Providing Victim Assistance and Support, part 2 Offer to assist the victim to get medical attention as soon as possible. An exam will determine the presence of physical injury, sexually transmissible diseases, or pregnancy (for female victims); it is important for the victims well-being. The exam, if done within 72 hours following the rape or sexual assault, can obtain evidence to assist in criminal prosecution. Contact a close friend who can be with the victim for support. The friend can accompany the victim to the medical exam and/or police department. Encourage the victim to meet with a counselor. The victim may be feeling a variety of strong emotions: fear, anxiety, depression, guilt, powerlessness, shame, shock, disbelief, embarrassment, denial, anger. The victim may also have some physical problems, such as sleep disturbances and nausea. Therefore, seeing a counselor may be important.
Sexual Violence: Risk and Protective Factors Risk factors are associated with a greater likelihood of sexual violence (SV) perpetration. They are contributing factors and may or may not be direct causes. Not everyone who is identified as "at risk" becomes a perpetrator of violence. Individual and relationship factors for perpetration Community and societal factors for perpetration
Risk Factors for Perpetration: Individual and Relationship Factors Risk factors are associated with a greater likelihood of sexual violence (SV) perpetration. They are contributing factors and may or may not be direct causes. Not everyone who is identified as "at risk" becomes a perpetrator of violence. Individual Risk Factors Alcohol and drug use Coercive sexual fantasies Impulsive and antisocial tendencies Preference for impersonal sex Hostility towards women Hyper masculinity Childhood history of sexual and physical abuse Witnessed family violence as a child Relationship Factors Association with sexually aggressive and delinquent peers Family environment characterized by physical violence and few resources Strong patriarchal relationship or familial environment Emotionally unsupportive familial environment
Risk Factors for Perpetration: Community and Societal Factors Additional risk factors: Community Factors Lack of employment opportunities Lack of institutional support from police and judicial system General tolerance of sexual violence within the community Weak community sanctions against sexual violence perpetrators Societal Factors Poverty Societal norms that support sexual violence Societal norms that support male superiority and sexual entitlement Societal norms that maintain women's inferiority and sexual submissiveness Weak laws and policies related to gender equity High tolerance levels of crime and other forms of violence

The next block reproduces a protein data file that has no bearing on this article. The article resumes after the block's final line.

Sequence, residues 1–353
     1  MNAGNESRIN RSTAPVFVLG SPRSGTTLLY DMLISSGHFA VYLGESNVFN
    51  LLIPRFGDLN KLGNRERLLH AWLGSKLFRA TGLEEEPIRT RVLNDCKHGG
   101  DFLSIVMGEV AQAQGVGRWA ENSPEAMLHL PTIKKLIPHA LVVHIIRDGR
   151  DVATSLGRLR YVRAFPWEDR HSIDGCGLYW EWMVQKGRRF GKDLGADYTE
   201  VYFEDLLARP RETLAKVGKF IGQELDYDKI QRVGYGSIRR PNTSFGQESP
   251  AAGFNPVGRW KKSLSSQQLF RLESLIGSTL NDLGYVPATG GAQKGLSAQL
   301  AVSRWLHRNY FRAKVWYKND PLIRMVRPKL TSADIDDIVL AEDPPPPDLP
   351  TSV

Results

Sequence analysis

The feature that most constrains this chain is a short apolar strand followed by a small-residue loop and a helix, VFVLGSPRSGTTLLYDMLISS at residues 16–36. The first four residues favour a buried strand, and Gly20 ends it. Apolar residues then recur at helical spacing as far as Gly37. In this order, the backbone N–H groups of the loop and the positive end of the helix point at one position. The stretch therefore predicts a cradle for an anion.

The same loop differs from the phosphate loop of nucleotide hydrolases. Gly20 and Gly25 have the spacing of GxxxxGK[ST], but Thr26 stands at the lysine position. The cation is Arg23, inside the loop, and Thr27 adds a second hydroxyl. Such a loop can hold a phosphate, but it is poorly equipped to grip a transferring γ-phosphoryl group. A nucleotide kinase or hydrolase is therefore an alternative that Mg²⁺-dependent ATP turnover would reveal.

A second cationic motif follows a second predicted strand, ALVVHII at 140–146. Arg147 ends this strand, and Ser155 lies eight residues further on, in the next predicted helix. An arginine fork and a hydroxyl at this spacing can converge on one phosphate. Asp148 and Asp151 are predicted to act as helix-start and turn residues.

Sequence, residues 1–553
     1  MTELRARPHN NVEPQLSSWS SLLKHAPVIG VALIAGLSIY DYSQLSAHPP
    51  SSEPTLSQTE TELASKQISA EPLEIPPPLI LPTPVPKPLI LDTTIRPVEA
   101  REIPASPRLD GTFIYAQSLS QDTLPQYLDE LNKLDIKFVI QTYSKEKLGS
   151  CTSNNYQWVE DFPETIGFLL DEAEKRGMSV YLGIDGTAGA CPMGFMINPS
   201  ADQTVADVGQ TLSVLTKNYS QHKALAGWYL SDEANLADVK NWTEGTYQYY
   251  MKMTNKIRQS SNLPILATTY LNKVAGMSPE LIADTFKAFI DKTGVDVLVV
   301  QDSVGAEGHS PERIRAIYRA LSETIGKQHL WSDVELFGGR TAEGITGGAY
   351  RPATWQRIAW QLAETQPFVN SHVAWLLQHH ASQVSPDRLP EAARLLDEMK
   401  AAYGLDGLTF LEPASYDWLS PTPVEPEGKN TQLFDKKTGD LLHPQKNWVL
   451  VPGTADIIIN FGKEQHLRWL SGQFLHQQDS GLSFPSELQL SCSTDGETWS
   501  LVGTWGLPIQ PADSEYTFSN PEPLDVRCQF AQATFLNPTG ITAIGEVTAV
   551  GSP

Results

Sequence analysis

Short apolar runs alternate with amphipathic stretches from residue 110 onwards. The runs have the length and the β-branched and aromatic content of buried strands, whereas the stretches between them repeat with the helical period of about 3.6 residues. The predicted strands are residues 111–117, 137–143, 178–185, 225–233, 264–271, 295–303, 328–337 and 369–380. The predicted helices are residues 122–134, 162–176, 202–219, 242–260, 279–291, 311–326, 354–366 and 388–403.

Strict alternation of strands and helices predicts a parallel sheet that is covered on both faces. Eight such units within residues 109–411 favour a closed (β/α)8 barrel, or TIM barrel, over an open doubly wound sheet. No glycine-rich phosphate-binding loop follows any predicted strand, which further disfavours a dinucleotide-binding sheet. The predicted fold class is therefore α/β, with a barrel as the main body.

Sexual Violence: Physical and Psychological Consequences Sexual violence can have harmful and lasting consequences for victims, families, and communities. The following list describes some of them. Physical Transmission of sexual diseases More than 32,000 pregnancies result from rape every year (Holmes et al., 1996) Some long-term consequences include chronic pelvic pain, migraines and other frequent headaches Victims of sexual violence face both immediate and chronic psychological consequences (Felitti, et. al., 1998; Yuan, Koss, Stone: 2006). Psychological Immediate psychological consequences include shock, denial, fear, confusion, anxiety, guilt, distrust of others. Chronic psychological consequences include depression, alienation, post traumatic stress disorder symptoms
Sexual Violence: Social and Behavioral Consequences Sexual violence also has social impacts on its victims, such as (Clements at al., 2004; Golding, Wilsnack, Cooper, 2002) Social Strained relationships with the victim's family, friends, and intimate partners Less emotional support from friends and family Less frequent contact with friends and relatives Lower likelihood of marriage Some researchers view the following health behaviors as both consequences of sexual violence and factors that increase a person's vulnerability to being victimized again in the future (Brener et al., 1999; Lang et al., 2003). Health Behaviors Engaging in high-risk sexual behavior including unprotected sex and multiple sex partners Using harmful substances (smoking cigarettes, drinking alcohol, taking drugs) Unhealthy diet-related behaviors (fasting, vomiting, overeating)
Resources Biblical Seminary has available counseling to staff, faculty, students and their families. Counseling Center at Biblical Seminary Harassment officers for Biblical Seminary: o Director of the Counseling Program Phil Monroe; o VP for Student Advancement Pamela Smith Non-seminary resource: WOAR (Women Organized Against Rape) 24-hour crisis line: Government resource: